Saturday, June 24, 2017
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Frontline Issue 88
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Articles

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by Rachel Gorman & Olive Gormley Speech and Language Therapy Department’ Daughters of Charity, Dublin

There are many challenges at present to be faced working in health care in Ireland, in particular the barriers that both staff and service...

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Owen Doody, , Lecturer in Intellectual Disability Nursing, Department of Nursing and Midwifery, University of Limerick and Therese Danaher, Lecturer in Intellectual Disability Nursing, School of Nursing and Human Sciences, Dublin City University trace the formation of Nursing Network in Disabilities Ireland.

In the 1980s,  nurse tutors working in what were known at the time as schools of nursing attached to eight services, formed the ‘Nurse...

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Karen Mings examines behavioural problems for children with autism relating to food and suggests fun and rewarding methods to resolve these issues.

Many children with autism have behavioural issues relating to food, diet and healthy eating. These include: —Self-restricted diet —Avoidance of unfamiliar foods —Food preference according to visual appearance...

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The institutionalisation of people with intellectual disability in Ireland during the twentieth century was at the time considered a helpful response that would improve the lives of people with intellectual disability and their families. Institutions provided a regime of care that met basic biological needs in a secluded, self-sufficient environment that perpetuated itself- For the individual with intellectual disability there were many missed opportunities for self-determination and community participation. Donal Fitzsimons explains how the introduction of person-centred plans (PCPs) into disability services in recent times brought with it an assumption that the PCP was robust enough to safeguard against the deleterious effects of life in congregate settings.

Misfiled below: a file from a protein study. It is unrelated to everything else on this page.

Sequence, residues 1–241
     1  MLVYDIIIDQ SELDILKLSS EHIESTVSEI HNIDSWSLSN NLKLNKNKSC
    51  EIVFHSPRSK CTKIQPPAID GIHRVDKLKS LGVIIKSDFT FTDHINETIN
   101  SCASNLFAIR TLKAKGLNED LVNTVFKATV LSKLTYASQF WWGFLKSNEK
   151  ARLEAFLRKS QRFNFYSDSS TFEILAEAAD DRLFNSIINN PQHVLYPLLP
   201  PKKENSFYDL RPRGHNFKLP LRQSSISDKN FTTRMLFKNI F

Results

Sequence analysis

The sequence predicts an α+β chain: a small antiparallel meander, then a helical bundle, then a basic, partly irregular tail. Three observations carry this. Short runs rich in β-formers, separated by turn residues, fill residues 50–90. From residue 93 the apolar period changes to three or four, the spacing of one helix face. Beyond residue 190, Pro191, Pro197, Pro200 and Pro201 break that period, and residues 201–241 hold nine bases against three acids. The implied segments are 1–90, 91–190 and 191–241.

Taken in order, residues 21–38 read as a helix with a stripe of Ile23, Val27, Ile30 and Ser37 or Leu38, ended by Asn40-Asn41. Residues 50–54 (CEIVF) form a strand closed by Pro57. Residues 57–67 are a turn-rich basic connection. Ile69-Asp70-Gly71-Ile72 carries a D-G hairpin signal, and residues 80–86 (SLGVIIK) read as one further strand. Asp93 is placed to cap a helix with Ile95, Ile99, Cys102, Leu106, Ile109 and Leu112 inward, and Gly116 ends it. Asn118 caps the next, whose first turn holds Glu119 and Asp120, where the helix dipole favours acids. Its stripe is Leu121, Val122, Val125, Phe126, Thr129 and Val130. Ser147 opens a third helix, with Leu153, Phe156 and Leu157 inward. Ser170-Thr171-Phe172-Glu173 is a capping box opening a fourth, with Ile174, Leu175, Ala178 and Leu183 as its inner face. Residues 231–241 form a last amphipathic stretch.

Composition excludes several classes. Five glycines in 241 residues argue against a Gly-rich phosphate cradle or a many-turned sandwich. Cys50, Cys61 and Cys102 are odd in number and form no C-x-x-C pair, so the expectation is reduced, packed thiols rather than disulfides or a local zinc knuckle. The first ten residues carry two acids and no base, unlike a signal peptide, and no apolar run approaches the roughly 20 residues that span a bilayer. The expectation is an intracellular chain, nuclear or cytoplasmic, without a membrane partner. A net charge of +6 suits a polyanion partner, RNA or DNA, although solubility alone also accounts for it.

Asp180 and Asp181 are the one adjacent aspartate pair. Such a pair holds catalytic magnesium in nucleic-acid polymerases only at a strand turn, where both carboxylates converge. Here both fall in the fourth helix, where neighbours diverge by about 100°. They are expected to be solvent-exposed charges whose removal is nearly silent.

A recent study, ‘A case study analysis of Person-centred planning for people with intellectual disabilities following their transfer from institutional care’, examined the lives...

Burnout can be described as a prolonged response to chronic interpersonal and emotional stressors in the work environment. Staff burnout is considered an occupational hazard in people.oriented professions and it is commonly reported amongst frontline staff working in intellectual disability services. In this article Sile Murphy and Claude Watters provide an overview of measures to prevent staff burnout, and potential interventions for staff within intellectual disability services who are experiencing burnout. The role of staff attributions within the context of challenging behaviour will be examined.

The main features of burnout are an overwhelming exhaustion, feelings of cynicism, frustration, anger, failure and ineffectiveness. Burnout negatively affects both personal and social...

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Person-centred active support is a way of supporting people with disabilities which puts the person at the centre of their own lives and focuses on enabling and empowering people to experience a range of activities both new and familiar, in a wide range of different contexts, with just enough help and support so that people grow in independence, have real choices and control over their lives and become a valued member of their community. Julie Beadle-Brown and Judy Ryan explain.

Person-centred active support is the key to increasing engagement in meaningful activities and relationships which, is itself, is key to achieving a good quality...

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Deirdre Corby of DCU explains how a new module draws teams of individuals together to work on projects specifically focused on improving and changing services for people with intellectual disability

People with intellectual disability are beginning to find opportunities opening up in post-secondary and third-level education. Some institutions have been offering courses for a...